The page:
My father was about five years old when his family moved from Terrebonne Parish to Vermilion Parish in Louisiana.  The Theriot family came to live on a farm just north of Abbeville on the Vermilion Bayou, and Grandpa was a tenant farmer.  Their immediate neighbors to the north were a Meaux family, with at least four generations living on the place, which belonged to Onezime "Jim" Meaux.  One of Mr. Jim's grandchildren was named Didier, who was younger than my father.  (Didier was still living on this farm after he married and the first three of his children were born there.)

From my father I heard stories about how he used to seat little Didier on the front of his saddle when he took his little pony out for a ride.  And Didier grew up to be an excellent horseman.  This I know, because he became my father-in-law.

Then there was Mr. Jim's father who was named Dosite Meaux.  Mr. Dosite'd had a very rough life.  He was born in Lafayette Parish, but had moved down the bayou to Vermilion Parish after he married.  He raised cattle and small crops, and his wife was a seamstress.  They had a very large family.  In those days, poor farmers who could not afford to build fences planted hedges of Cherokee roses to keep their animals close to home, and stockmen allowed their cattle to graze freely all over the outlying prairies.  When they needed meat, they went out and butchered an animal right out in the open.

One day, Mr. Dosite butchered a cow out on the prairie and sold the meat to a butcher in Abbeville to be resold.   Oops!  It wasn't his cow.  It belonged to a Mrs. LeBlanc.  Dosite was accused of being a cattle thief and was tried twice in a court of law and was declared innocent both times.  But wait!  That was at the time that the Vigilante Committee was at the height of its power, and they ran old Dosite off to Texas, anyhow.  His wife filed for a divorce, charging him with abandonment, and records at the courthouse show that she received a settlement of $205, which was a right smart amount in those days.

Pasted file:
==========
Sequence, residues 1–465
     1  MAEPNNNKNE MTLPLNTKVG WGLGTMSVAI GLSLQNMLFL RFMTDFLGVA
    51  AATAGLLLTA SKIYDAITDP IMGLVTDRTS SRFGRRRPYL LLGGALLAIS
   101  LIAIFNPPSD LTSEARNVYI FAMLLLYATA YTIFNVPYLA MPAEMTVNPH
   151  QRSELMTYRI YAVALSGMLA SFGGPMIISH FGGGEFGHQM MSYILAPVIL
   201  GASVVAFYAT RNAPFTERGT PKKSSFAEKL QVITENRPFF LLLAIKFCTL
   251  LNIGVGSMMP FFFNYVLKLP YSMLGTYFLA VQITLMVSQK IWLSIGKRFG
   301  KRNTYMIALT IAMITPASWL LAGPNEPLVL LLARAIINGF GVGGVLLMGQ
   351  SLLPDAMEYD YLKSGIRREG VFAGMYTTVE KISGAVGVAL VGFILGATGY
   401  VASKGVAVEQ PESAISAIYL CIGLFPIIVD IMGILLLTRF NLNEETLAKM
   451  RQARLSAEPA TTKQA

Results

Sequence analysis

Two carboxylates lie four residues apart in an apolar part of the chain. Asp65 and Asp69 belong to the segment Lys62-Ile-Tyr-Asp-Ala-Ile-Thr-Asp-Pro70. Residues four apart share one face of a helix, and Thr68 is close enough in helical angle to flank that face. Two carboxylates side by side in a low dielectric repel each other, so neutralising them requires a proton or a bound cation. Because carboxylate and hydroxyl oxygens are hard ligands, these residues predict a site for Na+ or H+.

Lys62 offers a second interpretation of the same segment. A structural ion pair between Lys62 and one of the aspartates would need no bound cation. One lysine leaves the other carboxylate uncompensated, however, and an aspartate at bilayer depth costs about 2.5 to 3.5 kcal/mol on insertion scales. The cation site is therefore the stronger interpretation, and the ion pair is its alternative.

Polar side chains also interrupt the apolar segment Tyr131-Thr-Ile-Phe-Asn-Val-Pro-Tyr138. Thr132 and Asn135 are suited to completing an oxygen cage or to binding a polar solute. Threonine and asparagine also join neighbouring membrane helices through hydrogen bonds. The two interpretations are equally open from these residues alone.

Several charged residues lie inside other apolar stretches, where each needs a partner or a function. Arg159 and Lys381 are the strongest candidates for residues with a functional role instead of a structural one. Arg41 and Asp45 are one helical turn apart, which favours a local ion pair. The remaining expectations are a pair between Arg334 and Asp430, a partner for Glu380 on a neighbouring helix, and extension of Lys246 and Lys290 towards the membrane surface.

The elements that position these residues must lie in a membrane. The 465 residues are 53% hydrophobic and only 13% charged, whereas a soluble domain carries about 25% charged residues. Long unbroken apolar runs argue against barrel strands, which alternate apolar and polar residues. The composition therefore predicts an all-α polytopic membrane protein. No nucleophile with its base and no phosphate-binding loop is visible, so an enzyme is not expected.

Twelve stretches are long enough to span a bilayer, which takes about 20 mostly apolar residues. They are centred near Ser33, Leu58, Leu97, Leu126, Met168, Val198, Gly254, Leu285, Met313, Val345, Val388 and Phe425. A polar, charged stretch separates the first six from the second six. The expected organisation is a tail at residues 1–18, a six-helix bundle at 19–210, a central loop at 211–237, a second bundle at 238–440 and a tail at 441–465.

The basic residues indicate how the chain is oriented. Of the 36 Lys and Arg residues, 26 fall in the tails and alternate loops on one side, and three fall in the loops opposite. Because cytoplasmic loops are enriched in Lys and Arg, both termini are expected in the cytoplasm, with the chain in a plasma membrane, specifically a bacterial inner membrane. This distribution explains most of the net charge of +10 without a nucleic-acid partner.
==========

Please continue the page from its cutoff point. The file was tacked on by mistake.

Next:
By the time Dosite returned to Louisiana, he was an old, blind man.  He exercised by walking up an down between two large trees, using a rope tied to each tree to guide himself.  And for refreshment he drank cool well water sweetened with a bit of sugar cane syrup.  My father told me that he had been blinded when he and some friends were fighting some Indians in Texas.  He was hit between the eyes with the butt end of a rifle.  This I cannot verify, because, as I have said before, Dad knew how to embroider a story really well.

Now back to "Jim" Meaux.  He was an upstanding member of society, loved by all who knew him.  He was a hard worker, and according to my Dad he was a short, stocky man with very blue eyes and very bowed legs.  Dad said he got that way because he always rode his horse.  Everywhere he went, this man rode his horse.  He was also one of the first rural mail carriers in Vermilion Parish.  He was commissioned by the United States Postal Service, and I have the original copy of that document.  We know, too, that he got older, he was hard of hearing, because we have some of his receipts for batteries for his hearing aid. 

His son, Alphe, was my husband's grandfather, and I have pictures of him with his wife and family.  He was quite a handsome fellow.  My youngest son looks a lot like him.  I believe he, also, did small crop farming and raised cattle.  One day, he was found dead on the side of the road, apparently having suffered a heart attack.  

And my father-in-law was about the sweetest, kindest man in the world.  Closer than that to a saint, I do not expect to meet in this world.  

24 July 2001

Copyright © 2001 Aline T. Meaux, Abbeville, LA

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